Breast Milk Feeding, Brain Development, and Neurocognitive Outcomes: A 7-Year Longitudinal Study in Infants Born at Less Than 30 Weeks' Gestation


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Abstract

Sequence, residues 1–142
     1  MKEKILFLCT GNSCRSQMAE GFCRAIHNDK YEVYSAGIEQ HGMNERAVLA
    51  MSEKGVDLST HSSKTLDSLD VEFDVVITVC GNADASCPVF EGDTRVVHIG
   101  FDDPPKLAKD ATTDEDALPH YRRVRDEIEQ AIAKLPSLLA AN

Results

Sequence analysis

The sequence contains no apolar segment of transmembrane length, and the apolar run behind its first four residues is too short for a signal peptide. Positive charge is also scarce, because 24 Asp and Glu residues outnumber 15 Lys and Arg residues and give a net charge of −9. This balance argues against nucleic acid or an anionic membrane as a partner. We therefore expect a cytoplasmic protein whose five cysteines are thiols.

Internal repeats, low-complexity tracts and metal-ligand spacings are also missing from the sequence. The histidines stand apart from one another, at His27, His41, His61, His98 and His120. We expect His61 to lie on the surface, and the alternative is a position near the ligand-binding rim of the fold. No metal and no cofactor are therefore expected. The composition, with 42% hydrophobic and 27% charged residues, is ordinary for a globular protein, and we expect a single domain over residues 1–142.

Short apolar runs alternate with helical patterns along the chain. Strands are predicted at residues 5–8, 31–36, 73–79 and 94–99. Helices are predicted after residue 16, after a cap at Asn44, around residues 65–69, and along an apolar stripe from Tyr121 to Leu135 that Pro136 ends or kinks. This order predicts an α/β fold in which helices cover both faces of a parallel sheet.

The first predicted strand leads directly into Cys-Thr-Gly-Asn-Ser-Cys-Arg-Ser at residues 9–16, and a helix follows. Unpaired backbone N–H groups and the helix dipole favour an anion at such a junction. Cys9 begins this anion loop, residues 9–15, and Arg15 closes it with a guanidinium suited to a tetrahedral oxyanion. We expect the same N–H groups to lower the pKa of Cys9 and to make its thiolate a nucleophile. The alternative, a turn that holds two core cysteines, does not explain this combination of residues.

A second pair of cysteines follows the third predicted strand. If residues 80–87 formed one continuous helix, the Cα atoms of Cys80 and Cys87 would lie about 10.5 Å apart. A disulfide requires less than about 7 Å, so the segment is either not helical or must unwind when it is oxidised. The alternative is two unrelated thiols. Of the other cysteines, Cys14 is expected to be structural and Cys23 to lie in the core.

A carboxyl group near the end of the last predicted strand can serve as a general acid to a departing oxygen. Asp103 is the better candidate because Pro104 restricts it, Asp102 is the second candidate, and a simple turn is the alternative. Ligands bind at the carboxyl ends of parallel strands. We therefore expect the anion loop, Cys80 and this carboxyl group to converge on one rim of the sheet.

ObjectivesTo determine the associations of breast milk intake after birth with neurological outcomes at term equivalent and 7 years of age in very preterm infantsStudy designWe studied 180 infants born at <30 weeks' gestation or <1250 grams birth weight enrolled in the Victorian Infant Brain Studies cohort from 2001-2003. We calculated the number of days on which infants received >50% of enteral intake as breast milk from 0-28 days of life. Outcomes included brain volumes measured by magnetic resonance imaging at term equivalent and 7 years of age, and cognitive (IQ, reading, mathematics, attention, working memory, language, visual perception) and motor testing at 7 years of age. We adjusted for age, sex, social risk, and neonatal illness in linear regression.ResultsA greater number of days on which infants received >50% breast milk was associated with greater deep nuclear gray matter volume at term equivalent age (0.15 cc/d; 95% CI, 0.05-0.25); and with better performance at age 7 years of age on IQ (0.5 points/d; 95% CI, 0.2-0.8), mathematics (0.5; 95% CI, 0.1-0.9), working memory (0.5; 95% CI, 0.1-0.9), and motor function (0.1; 95% CI, 0.0-0.2) tests. No differences in regional brain volumes at 7 years of age in relation to breast milk intake were observed.ConclusionPredominant breast milk feeding in the first 28 days of life was associated with a greater deep nuclear gray matter volume at term equivalent age and better IQ, academic achievement, working memory, and motor function at 7 years of age in very preterm infants.

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